Access and Health Equity
Our Partners: Street Works Stays Focused on Showing Up, Even Amid a Pandemic
Stories@Gilead - June 08, 2020 - 2 min read
Thomas Gooch, Prevention Director for Street Works, has a No. 1 rule when it comes to helping people – show up.
“Don’t just tell someone to go get help with a drug problem,” says Thomas. “Have lunch with that person or get a cup of coffee.”
Street Works provides free HIV and hepatitis C testing and support. This includes medical case management, housing and early intervention in Nashville – an area disproportionately affected by the dual opioid and hepatitis C epidemics. The organization also introduced and runs the first state-authorized syringe service program in Tennessee. The needle exchange program provides services to treat and counsel people who use drugs.
“For me, my job does not feel like work. I’m serving the communities I grew up in,” says Thomas. “We have seen firsthand how the opioid epidemic has fueled the rise in hepatitis C infections. We help up to 1,000 people every month, but we are determined to do even more than we are doing.”
In late 2019, Street Works began to increase its support services with funding from Gilead’s HepConnect initiative, a five-year, multimillion-dollar effort to address the growing rates of hepatitis C in the greater Appalachia region of the United States. The organization hired more staff, extended daily hours of operation, and purchased critical supplies such as cotton swabs and alcohol pads. A newly hired linkage-to-care navigator has been able to connect 10 times more people than before to various care options.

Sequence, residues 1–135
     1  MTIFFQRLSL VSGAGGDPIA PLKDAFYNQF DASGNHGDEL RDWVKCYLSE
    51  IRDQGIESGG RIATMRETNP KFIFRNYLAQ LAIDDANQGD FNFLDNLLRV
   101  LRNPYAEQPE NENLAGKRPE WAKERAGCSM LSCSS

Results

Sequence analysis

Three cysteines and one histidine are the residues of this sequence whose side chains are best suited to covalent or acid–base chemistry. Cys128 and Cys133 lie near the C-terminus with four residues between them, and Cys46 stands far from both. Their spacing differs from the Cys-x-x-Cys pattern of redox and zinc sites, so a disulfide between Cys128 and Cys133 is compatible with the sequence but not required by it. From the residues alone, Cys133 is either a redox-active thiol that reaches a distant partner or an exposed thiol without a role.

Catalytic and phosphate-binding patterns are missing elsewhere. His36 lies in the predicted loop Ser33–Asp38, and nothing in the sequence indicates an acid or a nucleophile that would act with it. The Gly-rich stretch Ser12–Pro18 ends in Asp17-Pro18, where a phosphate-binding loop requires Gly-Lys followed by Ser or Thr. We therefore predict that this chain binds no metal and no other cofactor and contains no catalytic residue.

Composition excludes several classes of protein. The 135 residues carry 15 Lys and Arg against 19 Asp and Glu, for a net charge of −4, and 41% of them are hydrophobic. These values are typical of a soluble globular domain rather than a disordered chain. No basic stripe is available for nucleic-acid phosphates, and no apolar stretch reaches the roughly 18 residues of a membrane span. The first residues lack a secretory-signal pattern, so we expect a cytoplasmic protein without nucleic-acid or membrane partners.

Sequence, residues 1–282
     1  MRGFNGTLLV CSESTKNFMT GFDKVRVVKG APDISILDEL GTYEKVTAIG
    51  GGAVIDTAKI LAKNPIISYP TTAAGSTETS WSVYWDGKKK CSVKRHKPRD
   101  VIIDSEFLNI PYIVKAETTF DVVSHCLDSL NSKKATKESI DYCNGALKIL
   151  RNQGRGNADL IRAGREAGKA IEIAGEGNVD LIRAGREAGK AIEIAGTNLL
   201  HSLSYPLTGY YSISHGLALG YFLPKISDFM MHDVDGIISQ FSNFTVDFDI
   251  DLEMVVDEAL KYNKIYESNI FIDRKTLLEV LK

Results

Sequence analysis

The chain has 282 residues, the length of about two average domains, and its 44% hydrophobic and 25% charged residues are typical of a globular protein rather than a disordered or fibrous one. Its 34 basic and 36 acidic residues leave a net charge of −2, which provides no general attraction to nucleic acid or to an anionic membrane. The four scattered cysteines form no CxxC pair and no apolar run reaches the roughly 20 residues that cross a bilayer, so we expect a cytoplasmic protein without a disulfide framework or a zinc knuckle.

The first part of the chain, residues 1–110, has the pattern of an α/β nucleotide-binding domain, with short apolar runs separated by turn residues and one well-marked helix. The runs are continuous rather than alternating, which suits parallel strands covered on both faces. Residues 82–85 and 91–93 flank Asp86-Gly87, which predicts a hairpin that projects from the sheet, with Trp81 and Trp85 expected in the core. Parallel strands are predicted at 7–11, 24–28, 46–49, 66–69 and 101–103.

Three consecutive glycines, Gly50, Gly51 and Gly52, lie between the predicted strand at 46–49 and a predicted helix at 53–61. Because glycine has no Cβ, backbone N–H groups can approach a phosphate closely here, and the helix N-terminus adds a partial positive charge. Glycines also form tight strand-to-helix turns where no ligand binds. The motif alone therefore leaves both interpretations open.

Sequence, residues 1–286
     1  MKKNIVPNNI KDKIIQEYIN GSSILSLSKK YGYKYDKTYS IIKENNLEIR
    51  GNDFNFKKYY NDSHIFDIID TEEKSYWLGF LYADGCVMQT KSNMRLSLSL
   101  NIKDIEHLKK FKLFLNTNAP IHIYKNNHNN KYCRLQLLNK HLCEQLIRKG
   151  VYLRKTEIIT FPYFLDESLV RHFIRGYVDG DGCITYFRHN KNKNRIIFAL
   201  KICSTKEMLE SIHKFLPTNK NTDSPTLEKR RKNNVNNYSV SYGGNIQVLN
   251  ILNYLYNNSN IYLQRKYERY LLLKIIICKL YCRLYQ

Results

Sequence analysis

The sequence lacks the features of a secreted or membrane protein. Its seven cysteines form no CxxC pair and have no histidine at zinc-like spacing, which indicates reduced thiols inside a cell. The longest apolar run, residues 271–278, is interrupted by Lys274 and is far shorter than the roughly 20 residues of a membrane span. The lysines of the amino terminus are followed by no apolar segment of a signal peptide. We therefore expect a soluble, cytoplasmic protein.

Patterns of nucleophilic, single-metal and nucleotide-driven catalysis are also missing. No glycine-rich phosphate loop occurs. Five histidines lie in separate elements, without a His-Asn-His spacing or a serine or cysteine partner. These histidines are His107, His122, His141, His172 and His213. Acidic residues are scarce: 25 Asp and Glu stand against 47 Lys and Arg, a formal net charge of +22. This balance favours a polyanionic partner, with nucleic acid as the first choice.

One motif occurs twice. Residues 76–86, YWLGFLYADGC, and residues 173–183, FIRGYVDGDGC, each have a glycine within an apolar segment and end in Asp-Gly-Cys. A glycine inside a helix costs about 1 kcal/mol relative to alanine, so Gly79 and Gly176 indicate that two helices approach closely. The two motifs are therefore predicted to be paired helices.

Just as Street Works started to extend its much-needed support, earlier this year, a tornado ripped through Nashville and destroyed the organization’s workspace. Street Works was left with nowhere to meet.
Thomas and his team have continued to go into communities to meet people where they are, and have set up a system to ensure continued access to clean syringes amid the aftermath of the tornado, as well as from the start of the COVID-19 pandemic.
Thomas has been with Street Works for a decade and sees the growing impact the organization has on the communities in Nashville. Over the years, Street Works has collected hundreds of thousands of used syringes and provided just as many clean ones.
He says what is most important now is continuing to find creative ways to show up for people in need.
“It’s crucial to keep educating communities and to ensure the conversations occur, whether that’s through text messages or social media platforms,” he says. “It doesn’t matter how you reach people – it just matters that you do.”
Photo: Thomas Gooch (far right), pictured with other Street Works staff, is the Prevention Director for the nonprofit, which provides free HIV and hepatitis C testing and support.